Photo credit: Rebecca Bozzelli

Rebecca Bozzelli of Lantern Farm

Twenty years ago, I hopped in a car with friends in New Jersey and drove West. I landed in San Francisco, and have been growing (food) ever since. After a farming apprenticeship at U.C. Santa Cruz in 2012 and a few farming stints in Sonoma County, I branched out on my own to start Lantern Farm in 2017. Lantern Farm is three acres of food and flowers tucked between the Russian River and the hills of Cloverdale. While farming is my passion, I equally enjoy sharing the fruits of my labor with my community. I grow a wide range of vegetables and flowers such as heirloom tomatoes, broccolini, kale, lettuce, chard, chrysanthemums, sunflowers, ranunculus and much more.

Describe a typical day on your farm.

The day starts with a list (I love a good list). Every day is a little different depending on harvest needs, weather, and time of year. Spring is planting season, so today we started with a morning harvest for restaurants and then transitioned into planting tomatoes. Drip irrigation was laid, beds were watered, tomatoes were planted and then covered with row cover for frost protection. The afternoon involved direct seeding sunflowers, arugula, radishes, and beets, and then more irrigation. Tomorrow’s list is then created at the end of the day.

Name three unexpected sensory delights of farming.

Seeing the bald eagles soar above the fields, saving seeds, and raising Monarch Butterflies.

The last was a highlight of last year. In our early days, we realized the farm has quite a bit of native narrow leaf milkweed, the sole food source for Monarch caterpillars. For years I waited for the Monarchs to arrive, with no luck. Then last year, I connected with expert “Monarch Merle” Reuser, who remembers when Monarchs were prolific in Cloverdale. He brought me about 20 Monarch caterpillars to raise in little terrariums (in the wild Monarchs have only a 50% success rate, mostly due to bird predators). Once our tiny caterpillars grew up and morphed into butterflies, all the while eating a large amount of milkweed, we released them. Lucky for us, these butterflies fluttered around the farm for a few weeks, enjoying the many flowers blooming, before their journey South. I look forward to making this a tradition, and I’m hopeful that one day their offspring will return.

What sustainable or environmental practices are you most proud of?

While I participate in many of the organic farming practices of growing happy soil, I pride myself on the biodiversity found at Lantern Farm. When I take a step back and look at the fields, I smile at the sight of everything growing, minus the weeds of course. I intermingle the flowers with the veggies throughout the farm and this mix of crops helps keep the soil healthy and the bees happy. There is also a lot of natural open space surrounding the farm, encouraging all the wild beasts to live as they should, even if they occasionally wreak havoc on the fields.

If you could change one thing about the food industry, what would it be, and why?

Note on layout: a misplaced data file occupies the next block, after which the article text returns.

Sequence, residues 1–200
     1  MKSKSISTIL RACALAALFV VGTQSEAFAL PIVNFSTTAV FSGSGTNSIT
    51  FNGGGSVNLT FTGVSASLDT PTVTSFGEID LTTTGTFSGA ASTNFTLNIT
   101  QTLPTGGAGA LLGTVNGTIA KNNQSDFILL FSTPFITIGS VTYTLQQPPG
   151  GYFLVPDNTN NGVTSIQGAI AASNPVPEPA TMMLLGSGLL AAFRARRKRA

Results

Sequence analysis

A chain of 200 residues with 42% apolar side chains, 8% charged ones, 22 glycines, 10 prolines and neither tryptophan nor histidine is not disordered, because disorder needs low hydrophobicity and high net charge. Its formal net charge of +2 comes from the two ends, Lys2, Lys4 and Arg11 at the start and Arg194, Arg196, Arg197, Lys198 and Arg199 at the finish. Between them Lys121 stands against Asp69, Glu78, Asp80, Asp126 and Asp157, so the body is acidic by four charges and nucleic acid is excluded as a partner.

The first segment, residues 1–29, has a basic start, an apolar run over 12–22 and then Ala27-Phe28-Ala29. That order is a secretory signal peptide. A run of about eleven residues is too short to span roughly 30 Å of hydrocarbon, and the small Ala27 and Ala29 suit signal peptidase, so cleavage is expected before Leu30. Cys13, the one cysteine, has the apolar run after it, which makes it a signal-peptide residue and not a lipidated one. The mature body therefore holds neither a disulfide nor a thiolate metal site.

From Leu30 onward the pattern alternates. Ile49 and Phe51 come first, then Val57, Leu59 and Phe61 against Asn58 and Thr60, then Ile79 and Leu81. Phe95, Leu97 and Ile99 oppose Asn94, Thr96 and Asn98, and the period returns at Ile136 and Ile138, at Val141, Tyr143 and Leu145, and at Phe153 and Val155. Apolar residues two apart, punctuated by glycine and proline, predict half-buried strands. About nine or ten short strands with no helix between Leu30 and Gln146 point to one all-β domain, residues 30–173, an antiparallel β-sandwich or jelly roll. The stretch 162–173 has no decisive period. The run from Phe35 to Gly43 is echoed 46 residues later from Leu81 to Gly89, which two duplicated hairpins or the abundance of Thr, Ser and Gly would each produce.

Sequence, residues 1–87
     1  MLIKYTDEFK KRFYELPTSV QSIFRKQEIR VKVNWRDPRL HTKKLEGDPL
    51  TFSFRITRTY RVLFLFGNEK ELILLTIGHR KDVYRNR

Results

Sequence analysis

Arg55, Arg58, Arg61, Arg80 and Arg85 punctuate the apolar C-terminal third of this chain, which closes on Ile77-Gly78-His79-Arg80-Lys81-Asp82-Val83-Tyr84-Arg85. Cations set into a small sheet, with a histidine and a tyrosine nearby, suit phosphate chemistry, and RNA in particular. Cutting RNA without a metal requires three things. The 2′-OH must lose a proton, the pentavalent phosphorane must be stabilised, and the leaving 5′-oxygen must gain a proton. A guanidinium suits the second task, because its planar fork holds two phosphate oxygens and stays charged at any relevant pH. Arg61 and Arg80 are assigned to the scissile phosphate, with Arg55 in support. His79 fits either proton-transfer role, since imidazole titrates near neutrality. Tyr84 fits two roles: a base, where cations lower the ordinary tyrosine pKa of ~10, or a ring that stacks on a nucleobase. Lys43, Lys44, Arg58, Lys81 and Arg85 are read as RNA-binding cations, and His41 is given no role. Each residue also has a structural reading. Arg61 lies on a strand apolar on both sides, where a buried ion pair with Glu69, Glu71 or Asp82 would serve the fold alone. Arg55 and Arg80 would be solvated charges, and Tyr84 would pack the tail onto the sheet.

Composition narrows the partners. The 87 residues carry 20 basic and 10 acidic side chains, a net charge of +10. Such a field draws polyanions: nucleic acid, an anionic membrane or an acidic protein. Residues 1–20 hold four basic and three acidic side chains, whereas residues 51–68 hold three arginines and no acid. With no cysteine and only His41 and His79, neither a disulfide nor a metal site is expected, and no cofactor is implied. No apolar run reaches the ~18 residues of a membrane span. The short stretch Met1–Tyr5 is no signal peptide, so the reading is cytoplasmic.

I would love to change the perception of farmers as male, since 36% of farmers nationally are women. If people only knew I was the farmer, surely they would stop asking my husband all the farming questions.

More importantly though, if Big Ag focused more on building soil, we would all be in a better place. In my farming practice, it all starts and ends with the love of soil. I take the time to add compost, grow cover crops to increase nutritional value, rotate crops, minimize tillage, and stay away from chemicals. This creates happy soil which results in happy plants, and a happier planet.

Photo credit: Rebecca Bozzelli

What is your greatest challenge as a farmer?

My greatest challenge is not farming. As a small business owner, I also do all the back end work to make sure everything is running smoothly and all the bills are paid. I don’t mind the work and I enjoy having such a thorough understanding of my business; however, I would much rather be in the field than sitting in front of my computer crunching numbers, answering emails, or whatever else it is that needs to be done.

When you’re not farming, what are you doing?

Family time with my husband Nick and daughter Beatrix, which lately involves lots of long walks, movies, homemade popcorn and snuggling baby chicks.

Where can people find your products?

I offer farm boxes, flowers and a la carte produce through Farm + Flour, a business I started last March with Shannon Moore of Flour Girl as a way deliver our products to the local community. Farm + Flour has evolved into an online marketplace for the local farmers, bakers, makers and artisans of Cloverdale.

From May to December, I attend the Saturday Santa Rosa Farmers’ Market at the Luther Burbank Center. I also supply a few restaurants, including Campo Fina, The Trading Post, Diavola, and Plank Coffee, and sell flowers and produce to Dahlia & Sage Community Market in Cloverdale.


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